HARRISVILLE -Twenty-five to 30 miles northeast of Harrisville lies the recently discovered wreck of the sidewheel steamer Keystone State.
Discovered in July by veteran shipwreck hunter David Trotter and his crew, the vessel is approximately 175 feet below the surface, and is mostly in pieces, except for its two paddle wheels which stand upright against the bottom of Lake Huron. The wooden sidewheel steamer was heading from Detroit to Milwaukee when it sank in 1861 in a November storm, taking all 33 crew-members down with her.
The Keystone State has been a mystery for shipwreck enthusiasts and historians because of its different rumored cargo accounts, and the urgency in which the steamer left port.
"She simply disappeared and there was no evidence for days and days," Trotter said. "The question really was, what possibly could have happened to her, and that mystery has been going on for 152 years."
Trotter said when the vessel left port, past accounts said she left in a hurry with a cargo of iron implements, which usually meant farm implements. One of the many questions about her cargo include rumors of possibly moving military supplies to Milwaukee militias, but even with the discovery of the wreck, none of the Keystone's cargo has been found.
"She left in such a hurry that she left without life boats, which further added to the mystery of her departure," Trotter said. "Now we realize that she made it much further up the lake than was previously known or considered. Unfortunately there is still the unknown of what cargo she was carrying."
The steamer was found much further north than Trotter had expected, due to the accounts of the last known sighting of the vessel.
"There was no reason to think she was this far north," Trotter said. "When she arrived off of Port Austin, that was the last time she was ever seen. She literally at that point just simply sailed into oblivion. The only evidence of her loss came days later ... all from the thumb down. It was a logical assumption that her position was somewhere near the Thumb or below it."
Thunder Bay National Marine Sanctuary deputy superintendent Russ Green said it is exciting anytime a wreck is discovered, and he looks forward to learning more about it.
"When a ship disappears like that, it adds to the drama," he said. "It's a really interesting story."
Maritime historian C. Patrick Labadie said the vessel was one of the first ships that weighed more than 1,000 tons, and was known as a palace steamer based on the elegant rooms and accents.
Labadie said he is excited to learn more about the steamer and her story from the wreckage accounts of Trotter and his crew.
Trotter said he dispaired he would never find the Keystone State after searching in the Thumb during 1993. Therefore, when Trotter and his crew did find the steamer, and it was around 40 to 50 miles above Port Austin, they were surprised the ship had made it so far north.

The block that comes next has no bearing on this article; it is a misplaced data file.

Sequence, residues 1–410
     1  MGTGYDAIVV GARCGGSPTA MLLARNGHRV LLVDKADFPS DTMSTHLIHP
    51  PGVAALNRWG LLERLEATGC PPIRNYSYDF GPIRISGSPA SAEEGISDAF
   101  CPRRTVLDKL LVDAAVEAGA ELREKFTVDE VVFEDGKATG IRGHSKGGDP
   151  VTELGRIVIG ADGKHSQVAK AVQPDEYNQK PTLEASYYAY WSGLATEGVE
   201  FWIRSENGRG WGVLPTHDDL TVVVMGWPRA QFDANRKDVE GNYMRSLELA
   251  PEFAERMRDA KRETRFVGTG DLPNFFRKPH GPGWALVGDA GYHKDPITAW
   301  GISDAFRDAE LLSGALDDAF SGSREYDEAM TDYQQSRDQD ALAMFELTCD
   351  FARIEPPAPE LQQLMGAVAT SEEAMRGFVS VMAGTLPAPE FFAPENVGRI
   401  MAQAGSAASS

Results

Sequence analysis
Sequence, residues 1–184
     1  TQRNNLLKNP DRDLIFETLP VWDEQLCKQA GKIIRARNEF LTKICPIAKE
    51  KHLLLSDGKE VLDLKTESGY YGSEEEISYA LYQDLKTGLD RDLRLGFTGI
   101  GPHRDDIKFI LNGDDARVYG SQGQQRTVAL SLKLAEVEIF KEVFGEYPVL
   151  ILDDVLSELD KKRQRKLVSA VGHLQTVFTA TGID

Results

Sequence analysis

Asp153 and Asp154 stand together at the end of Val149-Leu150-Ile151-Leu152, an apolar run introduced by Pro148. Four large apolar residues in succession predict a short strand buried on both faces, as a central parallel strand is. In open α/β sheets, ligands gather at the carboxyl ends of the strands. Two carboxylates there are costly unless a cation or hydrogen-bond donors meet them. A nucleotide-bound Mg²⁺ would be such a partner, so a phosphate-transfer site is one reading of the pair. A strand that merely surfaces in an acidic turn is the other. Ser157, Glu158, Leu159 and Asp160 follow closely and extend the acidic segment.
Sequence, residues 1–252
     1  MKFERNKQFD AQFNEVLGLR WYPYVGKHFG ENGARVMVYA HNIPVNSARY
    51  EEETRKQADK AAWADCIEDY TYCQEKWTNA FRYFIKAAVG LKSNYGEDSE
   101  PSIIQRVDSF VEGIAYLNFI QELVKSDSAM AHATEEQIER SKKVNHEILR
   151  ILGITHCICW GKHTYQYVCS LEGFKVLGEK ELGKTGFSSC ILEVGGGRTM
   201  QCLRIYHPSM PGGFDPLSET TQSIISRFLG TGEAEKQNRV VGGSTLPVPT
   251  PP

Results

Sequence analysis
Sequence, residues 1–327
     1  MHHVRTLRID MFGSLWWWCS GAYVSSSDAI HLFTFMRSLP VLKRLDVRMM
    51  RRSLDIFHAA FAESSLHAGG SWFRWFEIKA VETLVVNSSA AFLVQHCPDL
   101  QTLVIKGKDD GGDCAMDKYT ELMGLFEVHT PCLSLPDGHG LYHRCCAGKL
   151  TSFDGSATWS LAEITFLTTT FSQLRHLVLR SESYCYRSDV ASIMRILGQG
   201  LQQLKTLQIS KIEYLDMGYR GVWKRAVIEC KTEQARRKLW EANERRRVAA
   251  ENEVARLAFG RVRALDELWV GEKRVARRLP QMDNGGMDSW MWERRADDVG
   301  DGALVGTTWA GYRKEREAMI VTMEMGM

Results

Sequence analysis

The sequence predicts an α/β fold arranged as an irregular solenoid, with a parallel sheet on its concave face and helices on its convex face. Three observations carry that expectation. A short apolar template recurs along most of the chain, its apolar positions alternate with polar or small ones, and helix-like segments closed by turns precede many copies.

"Somehow she struggled forward and managed to work up the lake, even in the terrible storm," Trotter said. "As she struggled up north she would have even more difficulty trying to maintain course which ultimately caused the vessel to end up out in the middle of the lake. I can paint a very graphic picture of her final hours."
Trotter said the crew eventually would have decided to pitch the cargo over the side to lighten the ship, which explains the absense of cargo at the wreck site. Water would have continued to come in, bilge pumps would be running to try and decrease the leakage but would lose headway as water was coming in faster than they could pump out.
Finally, the water would reach the fire boxes in the boiler and douse the fire, leaving the vessel at the mercy of the storm with no power. The crew would know what was going to happen since they had no life boats, so they would start tieing things together to have something to climb onto or grab ahold of when the ship sank.
"They know it's going to sink. At this point they are facing the end of the ship," Trotter said. "There would be people clamoring onto parts they had stripped or thrown into the water and eventually the ship would just disappear very quickly and thrust herself to the bottom. What's left is some of the debris, and people holding onto it. In the horrific conditions in November, hypothermia would take over."
There were never any bodies found from the Keystone State.
The wreckage gives some clues to historians about the possible condition of the steamer just before it sank. Trotter said the steamer suffered substantially on the surface and substantially when it hit the bottom .
"Her paddle wheels are beautifully entact. Her big engine is there. The boilers are just tremendously beautiful sights," he said. "She has less intactness than we might have hoped. She had tremendous working damage during the time she was working her way north."
The discovery of the Keystone State offers historians a rare opportunity to view a mid 1800s vessel, and peek into the lives of that time period.
Nicole Grulke can be reached via email at email@example.com or by phone at 358-5687. Follow Nicole on Twitter @ng_alpenanews.